TASMAN PENINSULA BUT NOT PORT ARTHUR
Trip Start Oct 05, 2009
325Trip End Oct 31, 2013
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Overnight 7 mile Beach, Hobart
HOBART (Mileage 9461) SORRELL, DUNALLEY, EAGLEHAWK NECK, TARANNA, FORTESCUE BAY (Tasman National Park)
Sunny, 20 degrees
Called in at the famous Sorrell Fruit Farm and left quickly after encountering poor attitude and service!
40 kms on and we arrived in Dunalley, a tiny town with some impressive establishments.
We loved the attitude and hospitality of the publican at the Dunalley Hotel who encouraged us to free camp in the huge grounds of the hotel above the bay. And the Dunalley Fish Market served fantastic fresh trevalla, squid and chips.
We loved the proprietor and his low key sense of humour. The ponds of stripey trumpeters were fascinating to watch swimming around.
This was lunch eaten taking in the views over the bay. An Asian couple were busy collecting some shell fish way out past shore.
Stomachs happy, we headed on through the Forestier Peninsula and arrived at the unexpectedly breathtaking views from Eaglehawk Neck. From The Tasman National Park Lookout you see the most amazing coastal aspects across Pirates Bay and on this sunny clear day you gaze in wonder!!
Yes it's true!! Sadly this narrow 100m neck has a history of convict cruelty; along this neck a chained column of vicious dogs kept convicts from escaping.
Today you fell peace as you witness spectacular land, ocean and cliffs! There is information about keeping the Tasmanian Devil quarantined south of here in the hope of saving them from the deadly facial tumour that is decimating their population.
As we enter Taranna, on the Tasman Peninsula, we stop to buy cherries road side and realise that Cliff is the man we met at the show grounds market with the to-die for cherries. We enjoyed a chat about local conditions and of course bought a kilo of the gorgeous cherries; cliff gave us a bag of pink eye potatoes, a Tasmanian specialty.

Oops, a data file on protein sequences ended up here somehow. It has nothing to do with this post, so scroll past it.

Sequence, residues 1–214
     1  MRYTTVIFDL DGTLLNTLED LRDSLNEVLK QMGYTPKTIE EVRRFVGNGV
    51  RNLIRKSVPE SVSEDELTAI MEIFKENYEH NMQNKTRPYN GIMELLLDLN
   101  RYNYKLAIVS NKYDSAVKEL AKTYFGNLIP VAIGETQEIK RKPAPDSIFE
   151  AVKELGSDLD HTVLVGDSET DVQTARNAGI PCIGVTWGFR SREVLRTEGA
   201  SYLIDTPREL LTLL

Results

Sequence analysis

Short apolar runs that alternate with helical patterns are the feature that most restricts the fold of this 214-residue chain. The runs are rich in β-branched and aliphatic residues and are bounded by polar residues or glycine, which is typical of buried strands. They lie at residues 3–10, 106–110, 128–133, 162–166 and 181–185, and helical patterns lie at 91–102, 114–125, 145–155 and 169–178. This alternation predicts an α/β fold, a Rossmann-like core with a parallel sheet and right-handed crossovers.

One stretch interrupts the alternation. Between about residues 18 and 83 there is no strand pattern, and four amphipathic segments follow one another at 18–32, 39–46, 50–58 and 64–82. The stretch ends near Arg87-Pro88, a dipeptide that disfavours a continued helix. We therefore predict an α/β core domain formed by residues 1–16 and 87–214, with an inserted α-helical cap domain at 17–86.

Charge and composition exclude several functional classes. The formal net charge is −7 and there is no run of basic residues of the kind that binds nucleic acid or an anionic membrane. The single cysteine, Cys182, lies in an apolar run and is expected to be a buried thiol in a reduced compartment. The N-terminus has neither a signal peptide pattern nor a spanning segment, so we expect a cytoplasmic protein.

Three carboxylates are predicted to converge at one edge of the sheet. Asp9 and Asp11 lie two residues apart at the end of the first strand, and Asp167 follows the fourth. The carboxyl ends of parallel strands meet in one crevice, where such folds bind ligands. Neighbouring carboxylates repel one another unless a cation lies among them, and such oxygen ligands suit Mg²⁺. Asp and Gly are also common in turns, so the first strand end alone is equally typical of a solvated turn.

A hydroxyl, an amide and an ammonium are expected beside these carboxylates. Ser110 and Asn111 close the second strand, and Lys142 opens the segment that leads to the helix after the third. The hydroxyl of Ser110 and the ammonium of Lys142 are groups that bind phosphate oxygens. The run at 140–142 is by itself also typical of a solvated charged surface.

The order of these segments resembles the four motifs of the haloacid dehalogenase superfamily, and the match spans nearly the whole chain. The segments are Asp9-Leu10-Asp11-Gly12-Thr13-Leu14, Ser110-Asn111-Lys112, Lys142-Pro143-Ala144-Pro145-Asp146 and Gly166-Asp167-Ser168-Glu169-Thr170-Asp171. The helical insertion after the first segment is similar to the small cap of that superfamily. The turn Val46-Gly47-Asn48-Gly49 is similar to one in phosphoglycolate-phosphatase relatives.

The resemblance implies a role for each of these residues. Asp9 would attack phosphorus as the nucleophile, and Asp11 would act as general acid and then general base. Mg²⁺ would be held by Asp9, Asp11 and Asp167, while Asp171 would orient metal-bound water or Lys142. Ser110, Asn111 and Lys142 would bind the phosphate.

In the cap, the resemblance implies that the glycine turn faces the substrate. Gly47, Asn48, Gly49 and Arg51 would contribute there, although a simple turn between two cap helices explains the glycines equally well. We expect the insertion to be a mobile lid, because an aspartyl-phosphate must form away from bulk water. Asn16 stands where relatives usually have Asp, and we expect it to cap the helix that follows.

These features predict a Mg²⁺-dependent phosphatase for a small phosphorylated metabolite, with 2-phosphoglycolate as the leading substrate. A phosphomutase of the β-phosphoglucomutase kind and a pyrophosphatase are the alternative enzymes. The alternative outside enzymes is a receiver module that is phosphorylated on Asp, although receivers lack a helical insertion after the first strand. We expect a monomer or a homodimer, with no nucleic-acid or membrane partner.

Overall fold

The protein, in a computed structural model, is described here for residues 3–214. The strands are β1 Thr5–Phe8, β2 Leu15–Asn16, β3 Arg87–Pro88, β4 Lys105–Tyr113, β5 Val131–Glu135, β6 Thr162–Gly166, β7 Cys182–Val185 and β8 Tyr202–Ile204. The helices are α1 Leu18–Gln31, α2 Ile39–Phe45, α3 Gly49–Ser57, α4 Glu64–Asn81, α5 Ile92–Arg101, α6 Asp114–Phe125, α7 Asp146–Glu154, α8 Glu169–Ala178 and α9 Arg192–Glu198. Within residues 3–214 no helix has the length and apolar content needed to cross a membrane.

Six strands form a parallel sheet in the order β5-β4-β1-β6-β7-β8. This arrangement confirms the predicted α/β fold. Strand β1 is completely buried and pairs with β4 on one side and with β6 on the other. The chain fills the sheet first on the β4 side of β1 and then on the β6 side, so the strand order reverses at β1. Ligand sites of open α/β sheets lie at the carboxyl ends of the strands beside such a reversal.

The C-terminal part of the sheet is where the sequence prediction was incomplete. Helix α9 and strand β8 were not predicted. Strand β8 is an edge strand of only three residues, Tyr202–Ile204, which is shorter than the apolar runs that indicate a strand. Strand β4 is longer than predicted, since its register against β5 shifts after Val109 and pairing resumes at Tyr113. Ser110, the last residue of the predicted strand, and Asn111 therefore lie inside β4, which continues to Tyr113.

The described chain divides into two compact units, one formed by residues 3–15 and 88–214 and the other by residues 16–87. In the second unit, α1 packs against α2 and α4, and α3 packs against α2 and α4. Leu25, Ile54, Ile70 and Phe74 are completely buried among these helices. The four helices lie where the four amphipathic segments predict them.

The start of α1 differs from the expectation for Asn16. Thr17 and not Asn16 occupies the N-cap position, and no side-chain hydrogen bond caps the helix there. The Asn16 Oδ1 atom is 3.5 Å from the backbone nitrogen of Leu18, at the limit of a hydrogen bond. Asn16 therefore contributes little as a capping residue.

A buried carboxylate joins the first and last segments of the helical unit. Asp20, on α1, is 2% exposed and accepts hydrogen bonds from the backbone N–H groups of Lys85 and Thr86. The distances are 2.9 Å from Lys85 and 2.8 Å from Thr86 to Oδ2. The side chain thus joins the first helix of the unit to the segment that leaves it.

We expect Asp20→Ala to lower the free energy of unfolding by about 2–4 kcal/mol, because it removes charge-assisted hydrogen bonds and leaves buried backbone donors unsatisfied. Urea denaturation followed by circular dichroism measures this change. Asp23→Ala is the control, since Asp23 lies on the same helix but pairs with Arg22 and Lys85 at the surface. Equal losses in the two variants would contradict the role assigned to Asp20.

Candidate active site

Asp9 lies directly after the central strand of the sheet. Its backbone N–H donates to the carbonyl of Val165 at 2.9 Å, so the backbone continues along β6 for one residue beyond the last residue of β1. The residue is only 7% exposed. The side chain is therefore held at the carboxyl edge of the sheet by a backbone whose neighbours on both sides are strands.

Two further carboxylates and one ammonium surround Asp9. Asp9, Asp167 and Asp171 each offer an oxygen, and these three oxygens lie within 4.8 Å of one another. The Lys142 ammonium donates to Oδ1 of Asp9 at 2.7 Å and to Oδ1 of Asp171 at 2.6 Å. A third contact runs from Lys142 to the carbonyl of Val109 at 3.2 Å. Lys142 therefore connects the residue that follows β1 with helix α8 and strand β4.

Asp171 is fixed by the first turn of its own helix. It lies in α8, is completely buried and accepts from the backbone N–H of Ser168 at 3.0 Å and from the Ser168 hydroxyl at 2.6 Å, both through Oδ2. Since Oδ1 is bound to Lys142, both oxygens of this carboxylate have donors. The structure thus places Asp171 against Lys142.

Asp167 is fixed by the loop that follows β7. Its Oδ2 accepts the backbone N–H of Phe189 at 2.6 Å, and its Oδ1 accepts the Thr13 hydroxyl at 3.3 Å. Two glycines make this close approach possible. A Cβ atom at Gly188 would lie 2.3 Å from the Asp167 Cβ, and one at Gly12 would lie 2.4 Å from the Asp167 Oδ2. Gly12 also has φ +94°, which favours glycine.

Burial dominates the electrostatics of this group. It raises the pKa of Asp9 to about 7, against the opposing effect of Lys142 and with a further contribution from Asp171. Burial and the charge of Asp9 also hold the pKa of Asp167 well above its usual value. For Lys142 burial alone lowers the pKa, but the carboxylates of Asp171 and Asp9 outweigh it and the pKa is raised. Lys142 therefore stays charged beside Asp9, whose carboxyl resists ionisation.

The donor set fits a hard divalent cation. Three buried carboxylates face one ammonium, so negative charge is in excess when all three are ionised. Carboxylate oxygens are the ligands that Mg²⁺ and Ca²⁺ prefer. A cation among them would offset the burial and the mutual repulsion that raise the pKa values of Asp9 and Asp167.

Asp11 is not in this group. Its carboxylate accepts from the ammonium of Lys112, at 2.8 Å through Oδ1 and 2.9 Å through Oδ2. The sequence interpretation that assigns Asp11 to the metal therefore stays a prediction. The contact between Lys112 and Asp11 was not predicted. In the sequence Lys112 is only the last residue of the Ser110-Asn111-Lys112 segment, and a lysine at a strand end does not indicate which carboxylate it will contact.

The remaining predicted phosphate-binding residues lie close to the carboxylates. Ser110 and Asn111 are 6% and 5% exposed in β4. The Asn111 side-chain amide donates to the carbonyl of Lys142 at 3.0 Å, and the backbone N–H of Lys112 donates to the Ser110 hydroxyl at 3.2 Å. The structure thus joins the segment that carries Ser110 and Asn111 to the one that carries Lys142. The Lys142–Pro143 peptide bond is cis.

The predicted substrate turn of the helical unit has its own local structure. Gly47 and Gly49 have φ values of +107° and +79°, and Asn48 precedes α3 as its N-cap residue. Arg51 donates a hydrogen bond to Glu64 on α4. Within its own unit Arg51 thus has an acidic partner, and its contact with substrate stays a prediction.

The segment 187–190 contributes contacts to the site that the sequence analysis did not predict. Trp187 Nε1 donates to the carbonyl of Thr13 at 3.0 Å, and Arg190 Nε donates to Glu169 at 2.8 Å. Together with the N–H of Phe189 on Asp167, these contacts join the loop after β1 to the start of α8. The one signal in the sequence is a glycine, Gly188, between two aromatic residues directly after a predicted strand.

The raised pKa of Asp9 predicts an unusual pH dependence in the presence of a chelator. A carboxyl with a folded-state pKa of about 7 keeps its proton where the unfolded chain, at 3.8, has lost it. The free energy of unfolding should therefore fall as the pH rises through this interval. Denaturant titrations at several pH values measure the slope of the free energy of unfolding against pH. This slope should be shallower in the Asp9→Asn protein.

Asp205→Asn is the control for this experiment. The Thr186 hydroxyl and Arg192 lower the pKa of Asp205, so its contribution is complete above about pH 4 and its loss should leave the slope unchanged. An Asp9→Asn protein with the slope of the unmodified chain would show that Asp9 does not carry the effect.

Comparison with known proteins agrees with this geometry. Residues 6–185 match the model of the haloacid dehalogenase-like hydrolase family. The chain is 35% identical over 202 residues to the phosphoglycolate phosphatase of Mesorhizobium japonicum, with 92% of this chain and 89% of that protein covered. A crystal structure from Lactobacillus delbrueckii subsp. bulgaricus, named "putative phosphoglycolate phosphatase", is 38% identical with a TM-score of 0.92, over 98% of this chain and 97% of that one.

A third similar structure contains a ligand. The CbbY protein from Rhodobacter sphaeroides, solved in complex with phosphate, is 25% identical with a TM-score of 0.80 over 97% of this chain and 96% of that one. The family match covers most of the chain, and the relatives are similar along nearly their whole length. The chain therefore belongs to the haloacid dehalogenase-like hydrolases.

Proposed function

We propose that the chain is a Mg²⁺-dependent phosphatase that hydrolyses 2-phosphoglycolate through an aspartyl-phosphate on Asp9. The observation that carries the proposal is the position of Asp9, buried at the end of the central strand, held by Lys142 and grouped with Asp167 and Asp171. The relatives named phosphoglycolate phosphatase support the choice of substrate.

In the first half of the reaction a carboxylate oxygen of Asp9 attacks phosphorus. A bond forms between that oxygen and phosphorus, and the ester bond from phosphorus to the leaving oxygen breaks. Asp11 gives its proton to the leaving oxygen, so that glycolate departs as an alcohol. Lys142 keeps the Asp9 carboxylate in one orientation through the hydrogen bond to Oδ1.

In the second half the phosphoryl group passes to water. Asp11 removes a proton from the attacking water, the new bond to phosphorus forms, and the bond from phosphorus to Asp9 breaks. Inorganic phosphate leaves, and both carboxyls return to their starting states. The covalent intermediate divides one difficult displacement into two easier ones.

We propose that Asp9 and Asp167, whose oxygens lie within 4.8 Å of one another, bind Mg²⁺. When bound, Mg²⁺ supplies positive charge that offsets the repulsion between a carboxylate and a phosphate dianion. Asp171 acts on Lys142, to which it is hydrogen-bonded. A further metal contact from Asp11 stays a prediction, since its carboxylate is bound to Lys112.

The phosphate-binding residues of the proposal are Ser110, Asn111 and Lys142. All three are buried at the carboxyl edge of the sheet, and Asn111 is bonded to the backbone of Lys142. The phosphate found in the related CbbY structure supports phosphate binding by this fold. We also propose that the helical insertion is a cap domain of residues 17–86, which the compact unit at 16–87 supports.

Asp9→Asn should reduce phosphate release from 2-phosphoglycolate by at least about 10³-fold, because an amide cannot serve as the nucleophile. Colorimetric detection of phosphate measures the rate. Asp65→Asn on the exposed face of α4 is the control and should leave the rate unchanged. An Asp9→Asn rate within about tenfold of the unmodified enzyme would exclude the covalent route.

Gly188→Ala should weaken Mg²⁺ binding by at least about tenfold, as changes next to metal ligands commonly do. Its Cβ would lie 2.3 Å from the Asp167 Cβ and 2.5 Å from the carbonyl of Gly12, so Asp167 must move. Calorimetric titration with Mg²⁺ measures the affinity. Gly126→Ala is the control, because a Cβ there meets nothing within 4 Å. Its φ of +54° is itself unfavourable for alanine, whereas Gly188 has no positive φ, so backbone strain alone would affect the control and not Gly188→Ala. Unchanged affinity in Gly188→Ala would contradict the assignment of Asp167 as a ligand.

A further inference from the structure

We are just a few kilometers noth of Port Arthur and we will not be going there.
The road into Fortescue Bay, Tasman National Park was 14kms of very corrugated and pitted road so we travelled at 15 – 20 kms per hour!
We had booked camp site 39 the day before and we were happy with our spot. For $13pn it was really special and that $1million aspect was great! Did we mention that it is really heartening to know that Mr/Mrs/Ms Average can hang out in a holiday place that is only mostly for the wealthy.
We are happy! We checked out the Tasman Trail in anticipation of our trekking trips while here. Cool clear night and we slept with the windows and door open under the doona.
Friday is a chill out day. Day started at 14 degrees, misty and cold. See Sheila in "summer" gear. Kath is reading a history of Tasmania to sort out the convict stories and colonisation.
SATURDAY JANUARY 30 2010
Fine sunny and calm at 9.30am when we set out on our Cape Huay Walk. At around 24 degrees we felt very warm on the up hill climbs.
Up and down the rough rocky path was tough on the knees and often had us looking down instead of ahead to prevent ankle twists. But really these are views not to be ignored- the towering rock structures straight up out of the choppy sea look like city high rises. We are so high and very close to the cliff edges at times that you get a touch of nervous jelly legs! We watch a large group of dolphins racing through the clear water far below.
Tired, we sit at the cape and gobble our sandwich admiring the rugged coastline and huge steeple rocks, especially The Candlestick, a steep shaft of rock that a group we met were planning to abseil; we heard them but could not see them.
We are very high and warnings that you should respect the unguarded edges are not necessary for us. A local family joins us and we talk about the strenuous walk and travel in general. The whole walk is no more than 10 kms but feels like much more and takes us close to 6 hours return.
We are more than happy to reach our van and by this time we have gale force winds and cloudy skies. No chance of sitting outdoors for pre dinner cocktails tonight but it is full moon around 8.30 pm and we do venture out to locate the big yellow ball further around the bay.
We find it low above the horizon but the clouds and mist take away some of the impact.
The camp ground is full with overnight walkers, abseilers, travellers etc but most people are asleep by 11pm including us. It is a very wild night; the ocean is raucous and the winds get to scary levels but we are safe in the van.
Sunday sees another wild windy day. We chat to the ranger and tell her about www.willyweather.com for more specific local weather conditions and she starts using the information there. We take a walk to Canoe Bay to see a ship wreck called William Pitt; it looks weird and rusty, only partly submerged. We never got the story just a photo.
The camp ground is almost deserted tonight and oh so very quiet. A wallaby is happy to eat our stale carrots and the seagulls come by to check out the food supply.
Winds die sometime in the night and we awake to a calm aqua ocean.
This skinny coastal national park is spectacular with tiny off shore islands and rocky out crops, towering cliffs, white sandy beaches and so on! The weather certainly impacts here!